Friday, April 9, 2010

Skirmish near Newport.

Two Reports

No. 1.—Lieut. Col. James Wilson, Ninth New Jersey Infantry.
No. 2.—Capt. John Soothe," C. S. Army.

No. 1.

Report of Lieut. Col. James Wilson, Ninth New Jersey Infantry.

Newport Barracks, N. C.,
April 7, 1862—2.30 p. m.

General,: I have to inform you that our outside pickets on the Cedar Point road were attacked this noon at about 1 o'clock by a force of about 40 cavalry mounted and about 20 on foot, who made a sudden dash upon our post.

In skirmishing we had 1 man shot, wounded, and are fearful 1 made prisoner. This information I have from courier sent in.

Our men stood the attack and returned the fire, killing one horse, but are unable to learn any other damage, as the enemy retreated at a rapid rate, but suppose they must have killed or wounded some.

I have sent forward another company to strengthen this post, who arrived there soon after the attack.

Awaiting your orders, I remain your most obedient servant,

 Lieutenant-Colonel, Comdg. Ninth Regiment New Jersey Vols.

Maj. Gen. J. G. Parke.

No. 2.

Jones County, N. C., April 8, 1862.

Sir : According to your instructions I make the following report of my progress since Saturday last:

I took my march toward Carteret County on Saturday, and reached Mr. Foscue's, on the Beaufort road, 20 miles below Trenton.

Sunday I was joined by Captain Hill and 50 of his men and proceeded toward Beaufort. At sunset I halted, and sent forward to ascertain the number and position of the enemy's advance reported to be ahead. At 1 o'clock in the night my scouts came in, not able to find anything, and I proceeded to Eli Saunders' and fed my horses and men.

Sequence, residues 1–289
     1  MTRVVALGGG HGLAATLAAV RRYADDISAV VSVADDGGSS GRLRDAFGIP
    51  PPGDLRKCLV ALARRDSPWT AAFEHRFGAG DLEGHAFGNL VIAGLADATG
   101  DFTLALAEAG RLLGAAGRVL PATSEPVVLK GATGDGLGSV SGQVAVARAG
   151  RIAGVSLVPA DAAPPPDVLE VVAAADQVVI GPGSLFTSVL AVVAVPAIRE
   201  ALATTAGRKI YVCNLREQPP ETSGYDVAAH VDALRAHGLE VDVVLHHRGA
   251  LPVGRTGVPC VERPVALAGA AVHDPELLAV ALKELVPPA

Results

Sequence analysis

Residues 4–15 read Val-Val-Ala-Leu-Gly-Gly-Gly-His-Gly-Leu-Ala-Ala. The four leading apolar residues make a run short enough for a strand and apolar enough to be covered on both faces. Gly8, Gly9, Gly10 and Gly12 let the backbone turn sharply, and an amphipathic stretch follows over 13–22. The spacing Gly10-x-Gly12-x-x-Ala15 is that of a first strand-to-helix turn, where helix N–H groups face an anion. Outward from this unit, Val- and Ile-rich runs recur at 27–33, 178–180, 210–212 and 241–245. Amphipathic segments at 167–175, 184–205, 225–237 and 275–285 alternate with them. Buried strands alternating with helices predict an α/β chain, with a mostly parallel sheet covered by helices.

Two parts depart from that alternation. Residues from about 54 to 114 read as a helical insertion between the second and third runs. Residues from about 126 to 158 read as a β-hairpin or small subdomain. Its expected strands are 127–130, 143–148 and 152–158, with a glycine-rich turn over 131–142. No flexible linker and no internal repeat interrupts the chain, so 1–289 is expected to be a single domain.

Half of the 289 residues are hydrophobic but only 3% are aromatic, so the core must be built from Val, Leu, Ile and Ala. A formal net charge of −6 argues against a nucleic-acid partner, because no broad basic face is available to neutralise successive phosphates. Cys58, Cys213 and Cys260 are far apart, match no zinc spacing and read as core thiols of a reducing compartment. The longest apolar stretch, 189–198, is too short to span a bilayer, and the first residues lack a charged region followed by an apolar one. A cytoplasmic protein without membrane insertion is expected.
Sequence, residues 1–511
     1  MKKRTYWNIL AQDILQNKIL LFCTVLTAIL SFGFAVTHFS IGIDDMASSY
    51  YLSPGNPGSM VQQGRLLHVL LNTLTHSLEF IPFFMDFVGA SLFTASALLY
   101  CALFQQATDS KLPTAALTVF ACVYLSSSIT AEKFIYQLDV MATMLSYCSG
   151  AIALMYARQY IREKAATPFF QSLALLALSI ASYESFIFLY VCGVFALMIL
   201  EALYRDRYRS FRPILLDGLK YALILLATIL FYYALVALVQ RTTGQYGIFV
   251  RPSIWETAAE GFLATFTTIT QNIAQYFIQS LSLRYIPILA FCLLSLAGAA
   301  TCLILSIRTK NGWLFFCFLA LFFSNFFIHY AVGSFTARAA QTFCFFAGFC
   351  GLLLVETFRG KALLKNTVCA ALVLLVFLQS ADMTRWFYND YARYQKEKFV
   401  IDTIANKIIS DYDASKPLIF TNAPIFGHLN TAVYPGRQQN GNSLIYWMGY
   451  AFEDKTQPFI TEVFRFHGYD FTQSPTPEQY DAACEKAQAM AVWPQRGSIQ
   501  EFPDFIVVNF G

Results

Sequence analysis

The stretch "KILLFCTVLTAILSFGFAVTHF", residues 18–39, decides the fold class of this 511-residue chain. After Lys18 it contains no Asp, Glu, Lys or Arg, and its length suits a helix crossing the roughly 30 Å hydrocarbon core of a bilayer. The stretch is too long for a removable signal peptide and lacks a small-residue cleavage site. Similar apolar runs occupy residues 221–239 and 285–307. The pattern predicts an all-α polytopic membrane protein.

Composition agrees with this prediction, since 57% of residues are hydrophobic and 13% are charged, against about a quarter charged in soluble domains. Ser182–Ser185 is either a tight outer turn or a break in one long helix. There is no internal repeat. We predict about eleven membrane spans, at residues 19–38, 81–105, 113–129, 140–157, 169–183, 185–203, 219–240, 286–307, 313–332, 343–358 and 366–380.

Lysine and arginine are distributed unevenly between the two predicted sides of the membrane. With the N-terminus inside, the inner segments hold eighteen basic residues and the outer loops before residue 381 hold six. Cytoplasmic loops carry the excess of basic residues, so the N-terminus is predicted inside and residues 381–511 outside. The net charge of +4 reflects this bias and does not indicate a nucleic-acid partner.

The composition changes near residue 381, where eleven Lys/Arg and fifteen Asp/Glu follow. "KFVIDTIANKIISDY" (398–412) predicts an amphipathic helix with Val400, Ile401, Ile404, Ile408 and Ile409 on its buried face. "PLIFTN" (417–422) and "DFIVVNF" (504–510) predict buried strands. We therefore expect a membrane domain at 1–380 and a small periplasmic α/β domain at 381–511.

Monday morning I was joined by Lieutenant Humphreys with about 30 men. By agreement with Captain Hill and Lieutenant Humphreys I divided the whole force into four platoons of about 30 men each, placing the men with the best arms in the first platoon. This platoon I placed under command of Lieutenant Eure and sent it forward as an advance down the road from Saunders' toward Newport. I followed with the other three platoons and their commanders a short distance behind the advance. After going within 5 miles of Newport the advance saw a squad of 5 of the enemy and charged them, capturing 3 and killing 2. About 200 yards in advance of the first squad there was another squad of 12, which being discovered. Lieutenant Euro rallied his platoon and charged them, killing 1 and capturing C. Most of the enemy fired their muskets without injuring a horse or man on our side.

In five minutes after the firing ceased two companies of the eueniy came in sight and fired upon us and fell into the marsh. _ By their fire the only damage done was the killing of my horse under me. I ordered the men to retire down the hill, as there was no chance to charge them from a miry causeway. With our 9 prisoners I retraced my steps to this place last night.

As the first platoon did the principal work, I deem it sheer justice to say that they behaved with great bravery.

I let Lieutenant Humphreys take charge of 3 prisoners, Captain Hill 3, and I send the remainder to you and through you to General Eansom.

I am very anxious that you should recall me forthwith, as my horses and men are completely exhausted and tired out.

I also send 7 muskets captured from the enemy and Captain Hill took two.

The number of the enemy at Newport and stationed at intervals from Newport to the place we encountered them is about 600 or 700 from the best information. At and about Morehead City one regiment.

All praise is due to Lieutenant Eure and Orderly Jordan, who led the charge of the advance guard. Your obedient servant,

Capt. Commanding.

Col. W. G. Bobinson.

P. S.—Since writing the above one of my pickets has come in from Haughton's, about 4 miles from Pollocksyille, toward Wilmington, saying the enemy had fired upon him and killed or taken the 2 pickets that were with him, and that there was 500 or 600 of the enemy.

Source: The War of the Rebellion: v. 1-53 [serial no. 1-111] Formal reports, both ...  by Calvin Duvall Cowles, Henry Martyn Lazelle, Leslie J. Perry, 1883 (A Google Book)

No comments:

Post a Comment